- Granted to Timothy Green in 1781
- Caspian Lake, a 739-acre body of water in the southern part of the town, is a vacation spot for academics and professionals such as John Gunther and William H. Rehnquist, a former Supreme Court Chief Justice
From the Vermont Historical Gazetteer, edited by Abby Maria Hemenway. Orleans County – Greensboro Chapter: By Rev. James P. Stone. Published by Claremont Manufacturing Co, 1877. Pgs 209-215.
At the eastern extremity of the Caspian, and just below its outlet, is the beautiful little village of Greensboro, where there are some 25 neat dwellings, a hotel, 3 or 4 stores, excellent mills for sawing and grinding, also several shops where mechanical business of divers [sic] sorts is carried on, 2 churches, Congregational and Presbyterian, the town house and school-house.
Such is Greensboro at the present day. But such it once was not. Less than one hundred years, this town and all the surrounding country was an unbroken wilderness. Then “the red man of the forest” might here erect his wigwam, pursue his game, or launch his light canoe, with no fear of being molested by men boasting a higher degree of civilization; or in his absence, the wild bear, the deer and the moose might roam through these forests unscared. But time rolls on, and anon new visions meet the eye. The sound of the axe is heard, announcing the approach of civilized men. The Red Man retreats, the wild beasts retire, the thick forest is soon converted into a fruitful field, and neat and comely dwellings succeed the smoky wigwam.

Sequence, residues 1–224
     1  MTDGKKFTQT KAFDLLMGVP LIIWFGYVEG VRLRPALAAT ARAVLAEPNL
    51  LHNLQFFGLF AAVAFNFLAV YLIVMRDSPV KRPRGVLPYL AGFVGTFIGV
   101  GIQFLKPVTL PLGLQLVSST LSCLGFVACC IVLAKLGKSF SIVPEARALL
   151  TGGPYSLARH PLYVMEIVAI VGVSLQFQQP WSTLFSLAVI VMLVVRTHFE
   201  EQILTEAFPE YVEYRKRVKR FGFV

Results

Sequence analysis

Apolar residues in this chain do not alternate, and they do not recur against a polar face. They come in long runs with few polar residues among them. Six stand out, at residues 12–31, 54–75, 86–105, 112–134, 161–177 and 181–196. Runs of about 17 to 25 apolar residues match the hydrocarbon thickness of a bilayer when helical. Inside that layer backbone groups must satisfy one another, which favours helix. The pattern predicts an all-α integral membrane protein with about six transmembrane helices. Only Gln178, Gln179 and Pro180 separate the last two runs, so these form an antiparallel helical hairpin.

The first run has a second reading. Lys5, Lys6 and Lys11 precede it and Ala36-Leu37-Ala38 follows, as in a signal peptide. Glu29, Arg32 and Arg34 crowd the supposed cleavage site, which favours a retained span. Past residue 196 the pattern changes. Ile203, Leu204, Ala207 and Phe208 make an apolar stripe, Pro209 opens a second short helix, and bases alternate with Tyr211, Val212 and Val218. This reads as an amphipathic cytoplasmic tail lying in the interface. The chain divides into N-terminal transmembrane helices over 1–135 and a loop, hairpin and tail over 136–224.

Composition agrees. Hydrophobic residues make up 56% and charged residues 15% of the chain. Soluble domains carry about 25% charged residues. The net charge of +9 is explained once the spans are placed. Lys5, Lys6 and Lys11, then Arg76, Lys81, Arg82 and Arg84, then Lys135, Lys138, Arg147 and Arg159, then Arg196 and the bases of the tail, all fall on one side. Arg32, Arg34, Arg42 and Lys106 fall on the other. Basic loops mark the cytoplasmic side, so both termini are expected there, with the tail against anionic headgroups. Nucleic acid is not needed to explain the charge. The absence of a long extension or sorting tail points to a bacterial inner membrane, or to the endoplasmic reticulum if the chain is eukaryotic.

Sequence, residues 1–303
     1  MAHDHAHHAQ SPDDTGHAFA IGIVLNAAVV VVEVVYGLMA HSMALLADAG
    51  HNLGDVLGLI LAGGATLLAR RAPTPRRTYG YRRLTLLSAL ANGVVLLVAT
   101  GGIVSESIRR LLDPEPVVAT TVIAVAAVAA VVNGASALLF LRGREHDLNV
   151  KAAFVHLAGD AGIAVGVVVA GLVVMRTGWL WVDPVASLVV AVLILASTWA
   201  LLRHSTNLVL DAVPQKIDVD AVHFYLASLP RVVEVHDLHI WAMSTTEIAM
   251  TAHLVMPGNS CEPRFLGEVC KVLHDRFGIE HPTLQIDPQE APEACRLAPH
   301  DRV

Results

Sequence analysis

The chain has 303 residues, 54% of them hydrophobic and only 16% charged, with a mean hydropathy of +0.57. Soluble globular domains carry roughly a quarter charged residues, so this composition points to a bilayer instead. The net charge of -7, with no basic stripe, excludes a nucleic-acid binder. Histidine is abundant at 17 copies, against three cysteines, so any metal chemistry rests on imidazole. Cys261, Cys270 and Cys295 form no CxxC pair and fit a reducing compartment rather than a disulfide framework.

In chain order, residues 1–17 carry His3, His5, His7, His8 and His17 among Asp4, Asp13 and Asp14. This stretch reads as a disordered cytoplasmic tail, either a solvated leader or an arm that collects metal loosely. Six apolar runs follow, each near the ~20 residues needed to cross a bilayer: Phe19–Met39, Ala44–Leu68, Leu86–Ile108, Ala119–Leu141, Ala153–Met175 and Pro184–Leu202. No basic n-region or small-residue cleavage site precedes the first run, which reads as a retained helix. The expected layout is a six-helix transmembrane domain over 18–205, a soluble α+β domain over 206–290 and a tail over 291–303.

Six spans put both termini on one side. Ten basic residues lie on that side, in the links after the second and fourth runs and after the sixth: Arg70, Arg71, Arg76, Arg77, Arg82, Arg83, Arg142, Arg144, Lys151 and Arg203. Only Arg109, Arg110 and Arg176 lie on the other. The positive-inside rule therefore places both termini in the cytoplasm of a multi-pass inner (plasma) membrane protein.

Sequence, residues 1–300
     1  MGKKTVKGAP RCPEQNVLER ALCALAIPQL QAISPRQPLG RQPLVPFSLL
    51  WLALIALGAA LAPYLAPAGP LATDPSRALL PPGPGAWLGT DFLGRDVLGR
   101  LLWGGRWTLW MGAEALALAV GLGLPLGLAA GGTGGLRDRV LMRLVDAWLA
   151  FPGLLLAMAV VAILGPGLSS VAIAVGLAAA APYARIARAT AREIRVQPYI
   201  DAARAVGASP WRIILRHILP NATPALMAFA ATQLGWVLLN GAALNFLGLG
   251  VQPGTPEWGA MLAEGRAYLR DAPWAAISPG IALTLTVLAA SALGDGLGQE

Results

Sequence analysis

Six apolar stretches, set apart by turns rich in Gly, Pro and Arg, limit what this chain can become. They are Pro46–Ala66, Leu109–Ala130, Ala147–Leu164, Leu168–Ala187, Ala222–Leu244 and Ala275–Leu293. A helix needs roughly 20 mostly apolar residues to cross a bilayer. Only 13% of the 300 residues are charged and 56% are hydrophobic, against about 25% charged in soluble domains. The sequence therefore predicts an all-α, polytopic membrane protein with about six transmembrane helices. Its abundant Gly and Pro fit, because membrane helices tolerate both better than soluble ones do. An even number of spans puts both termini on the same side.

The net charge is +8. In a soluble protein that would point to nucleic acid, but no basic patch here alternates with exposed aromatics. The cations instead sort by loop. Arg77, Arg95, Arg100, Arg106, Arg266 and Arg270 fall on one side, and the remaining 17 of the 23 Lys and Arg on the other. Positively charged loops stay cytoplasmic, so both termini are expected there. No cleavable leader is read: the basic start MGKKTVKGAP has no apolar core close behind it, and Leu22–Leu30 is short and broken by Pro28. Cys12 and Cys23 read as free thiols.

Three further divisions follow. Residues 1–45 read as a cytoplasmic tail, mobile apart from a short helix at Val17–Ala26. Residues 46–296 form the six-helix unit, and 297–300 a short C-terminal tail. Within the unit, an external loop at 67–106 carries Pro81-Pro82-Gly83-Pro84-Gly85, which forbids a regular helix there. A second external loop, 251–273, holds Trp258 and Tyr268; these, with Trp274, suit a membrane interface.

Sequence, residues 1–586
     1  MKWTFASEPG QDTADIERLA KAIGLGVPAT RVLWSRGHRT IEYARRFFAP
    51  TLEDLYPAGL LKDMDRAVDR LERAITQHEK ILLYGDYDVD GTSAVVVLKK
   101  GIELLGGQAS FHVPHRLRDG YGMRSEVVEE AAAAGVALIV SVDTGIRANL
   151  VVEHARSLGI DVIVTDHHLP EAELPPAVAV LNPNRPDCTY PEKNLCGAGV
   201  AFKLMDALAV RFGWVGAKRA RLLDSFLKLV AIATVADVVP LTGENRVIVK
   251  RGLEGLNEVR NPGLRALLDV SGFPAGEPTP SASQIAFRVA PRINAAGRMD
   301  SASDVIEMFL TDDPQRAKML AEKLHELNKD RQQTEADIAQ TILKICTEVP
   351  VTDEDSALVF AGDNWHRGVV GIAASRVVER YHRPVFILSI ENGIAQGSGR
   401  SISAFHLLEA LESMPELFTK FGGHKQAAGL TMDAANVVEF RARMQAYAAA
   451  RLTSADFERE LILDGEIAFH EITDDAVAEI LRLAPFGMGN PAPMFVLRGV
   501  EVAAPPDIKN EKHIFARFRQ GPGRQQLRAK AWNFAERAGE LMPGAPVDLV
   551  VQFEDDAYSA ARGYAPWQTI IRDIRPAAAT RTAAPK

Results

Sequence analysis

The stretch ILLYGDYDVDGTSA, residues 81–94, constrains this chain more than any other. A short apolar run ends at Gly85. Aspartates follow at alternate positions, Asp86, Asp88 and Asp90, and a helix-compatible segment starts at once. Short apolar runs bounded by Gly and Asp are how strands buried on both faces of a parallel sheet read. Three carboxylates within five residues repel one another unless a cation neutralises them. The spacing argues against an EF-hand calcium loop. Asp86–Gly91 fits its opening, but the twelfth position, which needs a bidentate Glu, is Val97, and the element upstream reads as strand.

As early as during the year 1776, in the midst of the Revolutionary struggle, the road was commenced by Gen. Bailey, which was, in 1779, extended and rendered passable, through Cabot, Walden, Hardwick, Greensboro, Craftsbury, Albany to Lowell, and called the Hazen road. Upon this road, at different points, were erected block-houses, designed to serve as forts. One of these was in Greensboro, on the western side of the Capsian, on what was for many year known as the Cushing, and more recently as the William’s farm.
In the summer of 1781, a party of the enemy from Canada, having been to Peacham and made prisoners of Jacob Page, Col. Johnson and Col. Elkins, then a youth, Capt. Nehemiah Loveland, with his company, was stationed there for the protection of the inhabitants. In September, he sent a scout of four men up the Hazen road. They proceeded as far as Greensboro, where, while occupying the block-house above referred to, in an unguarded hour, while at a little distance from it, they were attacked by a party of Indians, and two of them, viz. Bliss of Thetford, and Moses Sleeper of Newbury, were shot down and scalped. Their companions, having offered no resistance, were led captives to Canada, and soon found themselves prisoners with Elkins of Peacham. It was not till their return that the fate of Bliss and Sleeper were known by their friends, a party of whom at once proceeded to Greensboro; found the remains undisturbed, but in that loathsome condition naturally consequent upon long exposure to the weather. A grave was dug, and the putrid masses, uncoffined, were rolled in and buried. And there, this day, in calm repose they rest. No monument has ever been erected, sacred to their memory; and the traveler passes near the spot without being reminded, or so much as knowing that there once fell, in their country’s service, two of her worthy sons.
In November, 1780, the township was granted, and Aug. 20, 1781, chartered to Harris Colt and 66 associates. It was first names Coltshill, in honor of Mr. Colt. The name was afterwards changed to Greensboro, in honor of Mr. Green, one of the proprietors, and as being more euphonic.